As an individual who suffers from Type 1 Diabetes I can assure everyone that this is not a disease that is "easily treated with a drug." It involves constant monitoring, doctor visits, and sometimes unpredictable highs and lows. I work very hard to keep the disease under control and I still have been hospitalized and had several emergency situations that could have resulted in my death as well as bouts of depression caused by knowing I will never really be healthy in my life. This is a sad situation and I think some people may be over simplifying it by making the disease appear to be less severe than it actually is.

Hey A, Really. Are You assuming that is the case here? As family member of a Diabetic with a coke/meth addiction, I can tell you diabetic ketoacidosis,can happen as result of addiction. They get high don't take insulin, don't care, Or just don't manage their diabetes. Regardless, there is somthing missing here. "Natural Death" seems odd. You would naturaly die if you stopped eating too.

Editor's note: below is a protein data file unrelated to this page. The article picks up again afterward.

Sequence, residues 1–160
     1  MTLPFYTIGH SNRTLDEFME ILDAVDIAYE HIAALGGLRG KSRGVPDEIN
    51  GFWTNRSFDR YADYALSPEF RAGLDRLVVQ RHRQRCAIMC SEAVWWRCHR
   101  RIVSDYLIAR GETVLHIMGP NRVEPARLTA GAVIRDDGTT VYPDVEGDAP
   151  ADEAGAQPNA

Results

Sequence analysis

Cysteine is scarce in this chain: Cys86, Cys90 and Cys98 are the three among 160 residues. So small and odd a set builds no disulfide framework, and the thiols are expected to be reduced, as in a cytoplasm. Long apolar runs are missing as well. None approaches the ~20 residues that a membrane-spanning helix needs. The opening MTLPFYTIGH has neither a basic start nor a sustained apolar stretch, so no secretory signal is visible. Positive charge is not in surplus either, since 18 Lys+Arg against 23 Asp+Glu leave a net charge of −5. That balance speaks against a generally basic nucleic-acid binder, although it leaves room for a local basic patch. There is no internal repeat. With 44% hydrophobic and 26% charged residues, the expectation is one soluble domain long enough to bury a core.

Ketones aren't acids. Is there a science writer left at the Times that could help with paragraph 3?

DKA induced by multi-drug OD more likely.

okay, nice to know, next?

As a Type 1 diabetic, this story makes me sad. It makes me wonder if this young beautiful girl took care of herself and if her parents understood the full scope of care and education needed to help her with living with such a chronic disease. Living with diabetes is an everyday battle, one that can be quite difficult without support, as with any chronic illness. My heart goes out to my fellow diabetics and their families. I appeal to the Johnson family to make a contribution, in the memory of their daughter, to help find a cure so that hopefully someday no one will succumb to diabetes and make it a thing of the past.

No, Lori. It doesn't work that way. If anyone needs to get real, it's you. My husband has the same condition, and just for the record, he's no user of coke or heroin. He won't even drink. By the way, the spelling is heroin, not whatever you wrote. I' m sorry but I found your comment to be incredibly disrespectful and snarky, and people who look under every rock for any scandalous detail in a faultless death make me angry. I'd be furious if people looked for any trace of scandal when and if my husband dies from a condition he certainly did not ask to have.I hope people don't speak ill of you after you die one day. I'm guessing they just may, if you really are this nasty.

Diabetes is not "easily treated with a drug." It requires constant management and very careful food choices. It doesn't just go away with an insulin shot, folks. I wish for my husband's sake that it did work that way.